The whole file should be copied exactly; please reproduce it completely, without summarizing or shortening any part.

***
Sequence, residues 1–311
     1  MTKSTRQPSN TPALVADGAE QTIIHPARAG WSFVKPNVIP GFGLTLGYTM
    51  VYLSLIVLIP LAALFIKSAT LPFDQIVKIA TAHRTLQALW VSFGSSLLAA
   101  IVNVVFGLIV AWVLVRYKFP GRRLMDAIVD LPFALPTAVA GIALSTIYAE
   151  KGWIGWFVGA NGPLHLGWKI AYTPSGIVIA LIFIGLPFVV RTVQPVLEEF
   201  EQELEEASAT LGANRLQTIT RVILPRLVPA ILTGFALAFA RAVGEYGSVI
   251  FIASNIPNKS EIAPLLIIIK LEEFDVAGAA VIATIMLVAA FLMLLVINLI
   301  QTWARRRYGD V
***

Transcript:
Sequence, residues 1–311
     1  MTKSTRQPSN TPALVADGAE QTIIHPARAG WSFVKPNVIP GFGLTLGYTM
    51  VYLSLIVLIP LAALFIKSAT LPFDQIVKIA TAHRTLQALW VSFGSSLLAA
   101  IVNVVFGLIV AWVLVRYKFP GRRLMDAIVD LPFALPTAVA GIALSTIYAE
   151  KGWIGWFVGA NGPLHLGWKI AYTPSGIVIA LIFIGLPFVV RTVQPVLEEF
   201  EQELEEASAT LGANRLQTIT RVILPRLVPA ILTGFALAFA RAVGEYGSVI
   251  FIASNIPNKS EIAPLLIIIK LEEFDVAGAA VIATIMLVAA FLMLLVINLI
   301  QTWARRRYGD V